Mini Jain and Anne Robertson often joke that the most radical thing they ever did as a married gay couple was to be ordinary. They are middle-class, live in a home in south Minneapolis and have two kids and one dog.

"We always thought we were pretty boring except for this one thing about us," Jain said.

Still, Jain and Robertson say there's something profound in the sheer mundanity of being able to check the "married" box on government forms, including the most recent census.

"Now we're just officially boring," Jain said with a laugh.

The 2020 census was the first decennial census that included a category for same-sex spouses. According to data released this week by the U.S. Census Bureau, more than 10,000 Minnesota households self-reported a same-sex married couple. More than 80% of those households are in the Twin Cities metro, and another 10% reported living in other metro areas across the state.

Even with the addition of same-sex marriage, the share of Minnesota households with a married couple continues to slide — a trend for decades. Same-sex couples make up just 0.9% of married couple households statewide.

Susan Brower, Minnesota's state demographer, said having accurate data on same-sex couples is an important piece of understanding how families are organized, but comprehensive data wasn't available until now.

Before the Census Bureau added the box for same-sex married couples, people's responses varied — and were sometimes edited out as the agency cleaned up data for analysis.

In the 1990 census, if two people of the same sex in one household said they were married, the Census Bureau edited that by changing the sex of one of them, Brower said. In 2010, if a household indicated it had a same-sex married couple, that status was changed to "unmarried" in the editing process because same-sex marriages weren't legal in all 50 states until 2015.

"Even if people had unions and considered themselves married at the time, if it wasn't a legal union recognized by the federal government, that's when the editing procedures were carried out," Brower said, adding that changes to census forms typically lag behind societal changes.

Richard Fahel was "appalled but not surprised" to hear that history.

"There's value in reporting that number accurately so people know we're here, we're a part of our communities," Fahel said. He married his husband, Jeff Haug, in Massachusetts — the first state to legalize gay marriage — in 2004, more than 20 years after they met and a decade after they exchanged vows at their home in front of friends and family.

"We already knew we were married," Fahel said. "It just took a long time for society and government to recognize it, too."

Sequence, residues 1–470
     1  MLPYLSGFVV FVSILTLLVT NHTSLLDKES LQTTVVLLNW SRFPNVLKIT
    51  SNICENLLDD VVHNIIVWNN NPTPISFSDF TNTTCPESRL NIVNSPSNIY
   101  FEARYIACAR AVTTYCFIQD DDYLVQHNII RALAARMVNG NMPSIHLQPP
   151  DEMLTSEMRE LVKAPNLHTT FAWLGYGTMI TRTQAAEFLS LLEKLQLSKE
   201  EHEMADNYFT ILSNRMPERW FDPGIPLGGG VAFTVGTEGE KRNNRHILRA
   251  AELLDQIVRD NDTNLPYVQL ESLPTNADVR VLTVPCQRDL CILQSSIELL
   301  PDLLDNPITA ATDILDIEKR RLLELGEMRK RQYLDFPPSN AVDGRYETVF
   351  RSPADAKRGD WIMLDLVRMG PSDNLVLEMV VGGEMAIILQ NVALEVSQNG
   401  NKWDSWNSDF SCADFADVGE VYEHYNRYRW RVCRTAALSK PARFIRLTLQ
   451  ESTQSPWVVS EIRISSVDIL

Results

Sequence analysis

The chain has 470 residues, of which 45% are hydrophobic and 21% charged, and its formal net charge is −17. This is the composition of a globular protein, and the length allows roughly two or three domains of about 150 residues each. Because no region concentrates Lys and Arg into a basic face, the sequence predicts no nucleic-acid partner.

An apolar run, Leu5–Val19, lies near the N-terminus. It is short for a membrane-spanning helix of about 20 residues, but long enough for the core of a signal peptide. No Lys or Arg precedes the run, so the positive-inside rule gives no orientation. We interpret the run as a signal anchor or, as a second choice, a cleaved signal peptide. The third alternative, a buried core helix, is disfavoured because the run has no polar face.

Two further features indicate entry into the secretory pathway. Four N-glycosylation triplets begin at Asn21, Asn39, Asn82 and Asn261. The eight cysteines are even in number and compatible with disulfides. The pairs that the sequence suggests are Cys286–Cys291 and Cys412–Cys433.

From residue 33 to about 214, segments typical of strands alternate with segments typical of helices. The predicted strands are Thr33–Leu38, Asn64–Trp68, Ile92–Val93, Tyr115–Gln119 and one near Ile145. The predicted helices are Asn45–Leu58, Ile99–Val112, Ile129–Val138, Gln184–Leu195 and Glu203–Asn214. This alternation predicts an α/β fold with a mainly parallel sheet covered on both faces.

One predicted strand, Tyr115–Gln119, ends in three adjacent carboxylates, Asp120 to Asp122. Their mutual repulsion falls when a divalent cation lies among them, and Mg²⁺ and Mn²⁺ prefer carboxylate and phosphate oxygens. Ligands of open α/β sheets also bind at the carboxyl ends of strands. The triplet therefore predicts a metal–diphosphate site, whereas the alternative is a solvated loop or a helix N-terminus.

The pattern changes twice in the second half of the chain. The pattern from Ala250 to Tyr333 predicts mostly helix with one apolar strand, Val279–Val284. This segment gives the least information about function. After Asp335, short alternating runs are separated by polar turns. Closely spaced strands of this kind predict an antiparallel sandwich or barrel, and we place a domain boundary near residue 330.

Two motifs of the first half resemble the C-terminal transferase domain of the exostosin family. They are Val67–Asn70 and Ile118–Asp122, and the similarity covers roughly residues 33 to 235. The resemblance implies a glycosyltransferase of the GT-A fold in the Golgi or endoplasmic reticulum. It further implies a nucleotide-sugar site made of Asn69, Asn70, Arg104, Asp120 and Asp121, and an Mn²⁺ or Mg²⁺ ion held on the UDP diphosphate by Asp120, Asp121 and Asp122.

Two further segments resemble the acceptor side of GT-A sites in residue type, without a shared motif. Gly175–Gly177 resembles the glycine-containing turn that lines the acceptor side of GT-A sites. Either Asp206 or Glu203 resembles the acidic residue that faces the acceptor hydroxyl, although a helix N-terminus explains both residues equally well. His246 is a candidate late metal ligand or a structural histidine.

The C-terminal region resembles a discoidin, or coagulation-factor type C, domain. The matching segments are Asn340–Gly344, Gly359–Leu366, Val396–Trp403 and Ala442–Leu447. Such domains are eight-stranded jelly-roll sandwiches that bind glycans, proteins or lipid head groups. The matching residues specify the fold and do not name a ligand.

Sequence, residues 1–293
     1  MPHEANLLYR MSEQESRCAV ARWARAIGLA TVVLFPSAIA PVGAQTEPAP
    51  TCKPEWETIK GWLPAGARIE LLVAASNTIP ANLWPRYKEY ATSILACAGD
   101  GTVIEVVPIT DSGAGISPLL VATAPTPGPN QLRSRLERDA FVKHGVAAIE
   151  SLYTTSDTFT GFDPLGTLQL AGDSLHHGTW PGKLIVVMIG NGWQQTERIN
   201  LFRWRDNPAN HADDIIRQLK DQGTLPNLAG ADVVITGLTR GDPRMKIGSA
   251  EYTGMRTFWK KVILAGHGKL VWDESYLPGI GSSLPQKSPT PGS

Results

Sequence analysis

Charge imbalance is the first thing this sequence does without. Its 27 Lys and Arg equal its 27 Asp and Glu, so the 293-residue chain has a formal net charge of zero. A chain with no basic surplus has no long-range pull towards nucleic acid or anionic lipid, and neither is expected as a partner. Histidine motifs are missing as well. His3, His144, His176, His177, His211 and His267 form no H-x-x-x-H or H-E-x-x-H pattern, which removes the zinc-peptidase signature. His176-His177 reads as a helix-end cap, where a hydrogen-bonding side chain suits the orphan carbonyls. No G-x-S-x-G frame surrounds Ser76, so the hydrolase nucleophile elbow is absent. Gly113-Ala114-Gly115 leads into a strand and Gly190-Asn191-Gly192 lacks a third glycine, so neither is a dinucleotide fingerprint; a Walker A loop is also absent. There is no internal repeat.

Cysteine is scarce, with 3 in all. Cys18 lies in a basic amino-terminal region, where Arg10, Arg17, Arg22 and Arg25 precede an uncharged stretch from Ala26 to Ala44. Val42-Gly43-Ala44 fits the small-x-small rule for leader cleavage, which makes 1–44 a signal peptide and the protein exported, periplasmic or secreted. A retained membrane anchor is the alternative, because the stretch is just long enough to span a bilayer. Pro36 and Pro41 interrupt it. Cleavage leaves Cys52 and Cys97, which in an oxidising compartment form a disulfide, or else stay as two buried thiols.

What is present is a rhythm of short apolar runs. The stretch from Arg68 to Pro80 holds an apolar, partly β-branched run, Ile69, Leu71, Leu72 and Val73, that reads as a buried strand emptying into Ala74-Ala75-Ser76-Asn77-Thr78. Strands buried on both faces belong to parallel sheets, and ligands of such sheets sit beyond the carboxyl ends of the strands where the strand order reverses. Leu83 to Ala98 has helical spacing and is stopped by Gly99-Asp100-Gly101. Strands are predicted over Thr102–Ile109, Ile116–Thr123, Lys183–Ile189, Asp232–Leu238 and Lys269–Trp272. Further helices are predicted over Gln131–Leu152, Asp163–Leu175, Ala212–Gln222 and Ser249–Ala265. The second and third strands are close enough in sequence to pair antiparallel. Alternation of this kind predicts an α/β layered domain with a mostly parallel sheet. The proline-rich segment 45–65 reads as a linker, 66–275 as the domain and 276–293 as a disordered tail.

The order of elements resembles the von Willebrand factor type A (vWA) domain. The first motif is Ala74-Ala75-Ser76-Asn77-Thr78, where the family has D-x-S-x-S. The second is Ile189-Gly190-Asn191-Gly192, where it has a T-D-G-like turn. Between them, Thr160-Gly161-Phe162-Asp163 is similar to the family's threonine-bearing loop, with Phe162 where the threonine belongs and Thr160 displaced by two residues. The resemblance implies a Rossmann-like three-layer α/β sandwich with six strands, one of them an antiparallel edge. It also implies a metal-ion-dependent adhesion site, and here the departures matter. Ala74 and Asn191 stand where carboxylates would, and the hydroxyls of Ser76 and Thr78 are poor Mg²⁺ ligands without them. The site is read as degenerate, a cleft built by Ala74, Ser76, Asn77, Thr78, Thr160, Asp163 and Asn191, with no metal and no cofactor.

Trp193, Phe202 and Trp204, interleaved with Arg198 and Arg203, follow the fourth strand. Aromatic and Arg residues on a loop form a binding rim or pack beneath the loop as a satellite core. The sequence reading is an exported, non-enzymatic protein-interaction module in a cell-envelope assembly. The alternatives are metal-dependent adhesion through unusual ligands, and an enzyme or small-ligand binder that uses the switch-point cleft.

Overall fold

He's already seen the positive effects of being able to officially record his marriage in other places, like a doctor's office. On the medical forms he fills out at appointments for Haug, who was diagnosed with ALS eight years ago, Fahel proudly marks "married," just as he did on the 2020 census — and doesn't worry about whether he's allowed to be there in an emergency.

Before marriage equality, Fahel would sometimes scratch out the options listed under "marital status" and wrote "partnered relationship."

"But most of the time I just checked 'single' and swore under my breath about it," he said. "I'm less concerned with what anybody does with that data, but I'm just elated that I can be honest with myself when I check that box."

Bradley Schmeling agreed.

"Part of the point of coming out is to say out loud 'I'm here, I exist, this life is real and there's nothing shameful about it' — that it's not to be hidden," he said. "So in a way, checking a box on a government form is a way of saying 'Just like everyone else's, this marriage is real and is to be acknowledged and counted.'"

Schmeling and his husband, Darin Easler, are both Lutheran pastors. After attending the signing ceremony for the 2013 bill that made same-sex marriage legal in Minnesota, the two went home, poured some wine and flipped open a hymnal to choose the music they wanted at their wedding ceremony the following year.

Their ceremony drew 400 guests to Gloria Dei Lutheran Church, where Schmeling is a senior pastor. They didn't exchange new rings that day, but instead blessed the same rings they'd been wearing for years. They had exchanged them in 2007 on the day they announced their relationship to the church bishop in Atlanta, where they were living at the time. Schmeling was asked to resign; he refused.

Making their marriage legal inside a church and in front of family and friends (who all participated in a classic church potluck for the reception) provided a joyful contrast.

"Receiving that affirmation from a community of people who love you really matters in how your relationship feels solid and stable," he said.

Schmeling hopes that more same-sex couples can feel that level of security, too, though he wonders if there are still some who don't yet feel comfortable marking a "married" box or being open with their relationship.

"On one hand, it looks like having that box on the census is a completion of the fight for equality," he said. "But it ought to be a reminder that we do have more work to do."

The Star Tribune is continuing to report on the 10-year anniversary of Minnesota's same-sex marriage law and we're looking for same-sex couples willing to be interviewed. If you're interested or would like to learn more before volunteering, please fill out the form below.

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